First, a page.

A recent trip to British Columbia highlighted once again the fragile future of agricultural production in that province.
It seems the ag industry there is constantly fighting off attempts by various levels of government and the usual lobby groups to put them out of business. The problem for the industry is that they are a relatively small sector of the B.C. economy, with few voters to have any political power.
In another life, many years ago, I ranched in the Peace River area of B.C., so I have some understanding of the political mindset “over there,” as it relates to agriculture.
One of the major problems is that B.C. is essentially ruled by a vast urban majority who live in a fairly small area in the Vancouver and Victoria regions. Those folks have never had any connection or understanding of agriculture and have proven highly susceptible to politically-correct trends on food issues and the environment. Their elected representatives are prone to embrace trendy political whims for politically expediency — no surprise there.
But such fanciful delusional attitudes tend to taint B.C. as being populated by hippies and airheads. Stories of an illegal marijuana-growing industry in B.C. worth hundreds of millions of dollars only adds to that suspicion.
Yet, B.C. is home to some fairly significant commercial intensive agriculture operations. Sophisticated, large-scale dairy, poultry and greenhouse operations continue to flourish, particularly in the Fraser Valley. But therein lies the problem — most non-ag folks and their governments don’t appreciate having to live amongst the side effects of such production — that being livestock odour, runoff, waste removal and other environmental concerns.
Add into that never-ending battles by developers to remove farmland from the agricultural land reserve and you have enough ammunition to harass the ag industry out of business.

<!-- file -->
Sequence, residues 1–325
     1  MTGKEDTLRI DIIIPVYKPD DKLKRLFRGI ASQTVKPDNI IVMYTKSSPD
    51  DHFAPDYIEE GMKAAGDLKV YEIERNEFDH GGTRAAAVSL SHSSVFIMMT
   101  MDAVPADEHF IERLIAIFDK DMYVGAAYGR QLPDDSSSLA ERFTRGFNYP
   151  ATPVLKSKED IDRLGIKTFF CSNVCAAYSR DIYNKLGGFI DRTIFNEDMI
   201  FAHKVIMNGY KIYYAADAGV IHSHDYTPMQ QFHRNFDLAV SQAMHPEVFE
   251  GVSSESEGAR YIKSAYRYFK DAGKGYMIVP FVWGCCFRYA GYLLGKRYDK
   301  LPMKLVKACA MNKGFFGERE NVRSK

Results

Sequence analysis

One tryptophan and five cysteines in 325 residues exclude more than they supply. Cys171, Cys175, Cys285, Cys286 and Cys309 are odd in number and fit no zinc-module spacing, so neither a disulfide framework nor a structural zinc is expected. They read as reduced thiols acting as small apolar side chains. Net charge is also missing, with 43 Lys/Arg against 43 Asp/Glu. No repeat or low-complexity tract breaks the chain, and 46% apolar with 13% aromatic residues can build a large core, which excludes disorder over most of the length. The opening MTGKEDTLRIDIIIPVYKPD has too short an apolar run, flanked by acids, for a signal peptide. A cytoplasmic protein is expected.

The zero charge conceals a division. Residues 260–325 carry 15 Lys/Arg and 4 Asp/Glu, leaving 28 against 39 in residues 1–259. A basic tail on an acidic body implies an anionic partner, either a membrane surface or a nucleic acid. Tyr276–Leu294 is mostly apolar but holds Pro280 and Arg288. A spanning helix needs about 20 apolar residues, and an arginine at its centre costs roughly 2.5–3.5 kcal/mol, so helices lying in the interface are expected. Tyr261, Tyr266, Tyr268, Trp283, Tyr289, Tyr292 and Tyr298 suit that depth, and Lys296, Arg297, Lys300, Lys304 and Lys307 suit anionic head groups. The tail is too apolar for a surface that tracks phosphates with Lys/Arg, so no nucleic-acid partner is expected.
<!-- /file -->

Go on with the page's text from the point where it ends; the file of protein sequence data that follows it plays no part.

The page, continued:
The usual practice is to have bureaucrats at the provincial, regional and municipal level invent all sorts of regulations and red tape that restrict ag production one way or another. Besides just plain aggravation, it causes production costs to increase — that makes it ever more difficult for B.C. producers to stay in business.
B.C. is already a high-cost production area and seems bent on making it worse. Producer organizations recently managed to fight off proposed waste disposal regulations — now they have been confronted with another move to regulate odour levels.
If any of those regulations were to be imposed, an army of government enforcers would descend on B.C. farmers and processors armed with powers to impose outrageous fines. Clearly, agriculture would suffer the consequences — but that’s probably the plan.
Producer groups valiantly fight off these blatant attempts to drive agriculture into oblivion, but they are getting tired. The quandary is that the B.C. government continues to pour millions of dollars into promoting B.C.-grown food products, whilst at the same time allowing other levels of government to wreck havoc on the production of those locally grown products.
But then, I expect most B.C. urbanites have a different perspective of farming than what really exists. What they see at B.C. farmers’ markets are a plethora of quaint small farmers selling their organic rutabagas. What they do not want to see or smell are the side effects of real commercial agriculture.
I would suggest that most B.C. urban consumers would be more than happy to see intensive farming production and processing disappear from the Fraser Valley.
Ironically, the B.C. government 40 years ago created legislation to actually protect agricultural production and farmland. The province established the Agriculture Land Commission and zoned all the arable land in the province.
It was insightful legislation for a province with so little actual usable agricultural land. However, since then, an army of developers, promoters, politicians of every level and busybody bureaucrats have been trying to undermine the legislation.
The result has been a gradual loss of farmland by means of thousands of exemptions.
The underlying scheme seems to be to make farming and food processing so difficult and costly that the industry will just die. That would seem to satisfy both local residents and land developers. The result would be to see some of the most productive farmland in North America paved over and built over.
It’s a sad situation, but not unique to B.C. Similar loss of productive land around Calgary and Edmonton happens every year — only an abundance of remaining farmland hides what is happening.
Will Verboven is editor of Alberta Farmer.